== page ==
It may be best known today for its otters and puffins, but 170 million years ago the Isle of Skye was home to gigantic reptiles with wingspan larger than a king-sized bed, researchers have revealed.
Fossil hunters in Scotland They say they’ve recovered the remains of the world’s largest Jurassic pterosaur, adding that the creature – known informally as a pterodactyl – also boasted sharp teeth for subtracting and trapping fish.
With a wingspan of about 2.5 meters or larger – about the size of today’s largest flying birds, such as the wandering albatross – the creature sheds new light on the evolution of pterosaurs, since it wasn’t thought they reached this size until about 25 million years later.
“When this thing lived about 170 million years ago, it was the largest animal that ever flew, at least we know of,” said Professor Steve Brusatte, a co-author on the research from the University of Edinburgh.
“We really dragged the evolution of large pterosaurs back in time,” he said.
Brusatte added previous finds that pterosaurs did not grow much larger than about 1.6-1.8 meters in wingspan during the Jurassic period, but that they reached much larger sizes during the Cretaceous period.
“There were pterosaurs living at the end of the Cretaceous when the asteroid the size of fighter planes collided,” Brusatte said, referring to the mass extinction 66 million years ago that wiped out the non-avian dinosaurs, pterosaurs, and countless other creatures.
The latest discovery raises questions about the idea that competition with birds may have initially driven the surge in pterosaurs’ size.
Birds evolved from dinosaurs around this date [pterosaur] He was living,” Brusatte said, although he added that the birds may have put evolutionary pressure on them to grow larger.
This isn’t the first time pterosaurs have been discovered in the UK – paleontologist Mary Anning discovered what they were called Her “Flying Dragon” in 1828.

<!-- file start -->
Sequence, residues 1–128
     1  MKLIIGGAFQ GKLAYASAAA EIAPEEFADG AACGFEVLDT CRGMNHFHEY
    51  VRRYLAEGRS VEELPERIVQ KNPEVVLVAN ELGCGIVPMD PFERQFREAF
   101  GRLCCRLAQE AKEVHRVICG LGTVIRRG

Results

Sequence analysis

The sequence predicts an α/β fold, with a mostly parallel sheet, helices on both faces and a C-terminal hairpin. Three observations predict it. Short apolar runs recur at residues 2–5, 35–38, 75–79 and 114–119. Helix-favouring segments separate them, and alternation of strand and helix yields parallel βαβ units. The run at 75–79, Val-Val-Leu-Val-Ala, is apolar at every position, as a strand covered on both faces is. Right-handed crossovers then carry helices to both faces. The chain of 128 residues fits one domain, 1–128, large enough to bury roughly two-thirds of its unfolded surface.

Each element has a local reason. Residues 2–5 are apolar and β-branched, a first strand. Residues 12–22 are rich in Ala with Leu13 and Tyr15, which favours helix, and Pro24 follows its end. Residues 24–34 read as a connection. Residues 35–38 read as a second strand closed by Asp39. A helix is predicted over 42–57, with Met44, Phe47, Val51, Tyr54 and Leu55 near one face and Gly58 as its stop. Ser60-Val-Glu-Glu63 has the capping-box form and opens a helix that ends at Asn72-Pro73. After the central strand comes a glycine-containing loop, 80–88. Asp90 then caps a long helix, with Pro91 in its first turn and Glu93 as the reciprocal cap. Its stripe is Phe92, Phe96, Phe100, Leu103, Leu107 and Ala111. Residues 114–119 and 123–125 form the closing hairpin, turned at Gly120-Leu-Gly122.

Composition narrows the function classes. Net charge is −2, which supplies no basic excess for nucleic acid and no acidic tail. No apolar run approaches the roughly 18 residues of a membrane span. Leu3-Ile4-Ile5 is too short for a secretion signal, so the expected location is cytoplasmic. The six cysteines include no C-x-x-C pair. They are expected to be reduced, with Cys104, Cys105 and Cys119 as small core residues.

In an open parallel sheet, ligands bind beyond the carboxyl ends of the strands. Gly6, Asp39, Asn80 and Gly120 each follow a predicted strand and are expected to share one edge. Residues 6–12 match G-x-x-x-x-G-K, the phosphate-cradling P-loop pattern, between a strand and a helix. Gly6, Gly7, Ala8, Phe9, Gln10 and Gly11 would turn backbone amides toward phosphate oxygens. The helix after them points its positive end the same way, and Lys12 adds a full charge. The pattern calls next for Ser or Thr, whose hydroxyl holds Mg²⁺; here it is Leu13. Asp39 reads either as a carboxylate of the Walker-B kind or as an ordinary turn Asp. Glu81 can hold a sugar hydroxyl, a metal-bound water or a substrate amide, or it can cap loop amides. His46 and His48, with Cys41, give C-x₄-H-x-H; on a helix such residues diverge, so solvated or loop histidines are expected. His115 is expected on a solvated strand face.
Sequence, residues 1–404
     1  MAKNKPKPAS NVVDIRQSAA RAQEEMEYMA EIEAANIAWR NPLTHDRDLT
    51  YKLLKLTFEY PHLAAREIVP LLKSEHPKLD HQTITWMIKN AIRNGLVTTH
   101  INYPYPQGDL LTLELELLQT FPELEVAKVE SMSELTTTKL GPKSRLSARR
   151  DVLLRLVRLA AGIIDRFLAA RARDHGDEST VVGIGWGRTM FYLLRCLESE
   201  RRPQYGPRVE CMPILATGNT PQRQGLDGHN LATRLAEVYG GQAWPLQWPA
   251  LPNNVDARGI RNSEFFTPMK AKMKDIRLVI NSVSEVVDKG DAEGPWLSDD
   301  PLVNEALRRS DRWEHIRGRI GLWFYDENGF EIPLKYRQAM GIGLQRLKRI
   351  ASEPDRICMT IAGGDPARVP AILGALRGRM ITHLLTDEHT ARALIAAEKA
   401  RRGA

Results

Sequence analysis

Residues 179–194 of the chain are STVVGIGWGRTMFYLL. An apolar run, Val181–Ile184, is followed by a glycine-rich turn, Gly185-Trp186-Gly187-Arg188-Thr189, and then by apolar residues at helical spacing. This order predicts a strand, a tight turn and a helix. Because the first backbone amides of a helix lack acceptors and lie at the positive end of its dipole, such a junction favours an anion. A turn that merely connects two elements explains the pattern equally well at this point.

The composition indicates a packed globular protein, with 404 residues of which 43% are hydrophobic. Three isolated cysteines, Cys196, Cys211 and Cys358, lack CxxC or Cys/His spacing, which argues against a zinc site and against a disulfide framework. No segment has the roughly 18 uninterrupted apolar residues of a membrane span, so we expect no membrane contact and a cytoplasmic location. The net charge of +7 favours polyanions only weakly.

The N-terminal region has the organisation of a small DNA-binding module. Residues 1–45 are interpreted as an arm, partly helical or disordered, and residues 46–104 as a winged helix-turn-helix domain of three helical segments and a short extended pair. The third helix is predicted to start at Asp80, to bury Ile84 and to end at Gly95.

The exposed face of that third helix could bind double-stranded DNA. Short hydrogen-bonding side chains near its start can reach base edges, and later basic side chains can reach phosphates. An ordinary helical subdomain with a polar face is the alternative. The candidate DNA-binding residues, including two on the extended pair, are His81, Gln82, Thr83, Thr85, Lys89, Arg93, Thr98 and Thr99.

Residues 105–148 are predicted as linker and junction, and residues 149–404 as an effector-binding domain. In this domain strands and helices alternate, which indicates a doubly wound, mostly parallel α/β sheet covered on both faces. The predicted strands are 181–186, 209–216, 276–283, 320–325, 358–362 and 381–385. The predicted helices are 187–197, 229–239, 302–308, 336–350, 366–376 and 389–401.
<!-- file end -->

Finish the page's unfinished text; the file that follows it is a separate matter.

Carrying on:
Brusatte said the new discovery, dubbed Dear sgiathanach It means both “winged reptile” and “reptile of Skye” in Scottish Gaelic, and is notable for the completeness of the fossil.
“It’s probably about 70% complete, which is really cool for pterosaurs, because these things are really hard to scale,” he said, noting that the walls of many bones are no thicker than a sheet of paper.
An analysis of the bones showed the animal was at most an adolescent and still growing, Brusatte said, adding that its adult wingspan may be more than three metres.
The team also performed scans of the pterosaur’s skull, which allowed them to build a digital model of the brain. The results revealed that the animal had very large optic lobes, indicating that it had very good eyesight.
Writing in the magazine current biologyBrusatte and his colleagues report how the fossils, revealed at the National Museum of Scotland, were discovered by doctoral student Amelia Penny, who spotted the creature’s skull during fieldwork on the Isle of Skye in 2017.
“It didn’t look like anything else I’d seen,” she told the Guardian.
She added, “I grew up going to the Natural History Museum in London and reading about Mary Anning’s fossil discoveries on the Jurassic coast – which certainly influenced my decision to become a paleontologist.” “But finding a new Jurassic reptile, and especially a fossil of this importance, is not something I would have dared expect to happen to me.”
Dr David Unwin, an expert on pterosaurs at the University of Leicester, who was not involved in the research, said it was controversial whether the newly discovered creature was the largest of its time, noting that some fragmentary bones from other fossils had already hinted at the same size. Pterosaurs in the middle of the Jurassic period.
However, he said the find is significant because fossils dating back to that time are scarce, while complete pterosaur remains are very few.
“This new discovery will allow us to go back to the ancient collections and better understand what we have there,” he said. “It’s a big piece of the puzzle in our evolutionary history of pterosaurs.”
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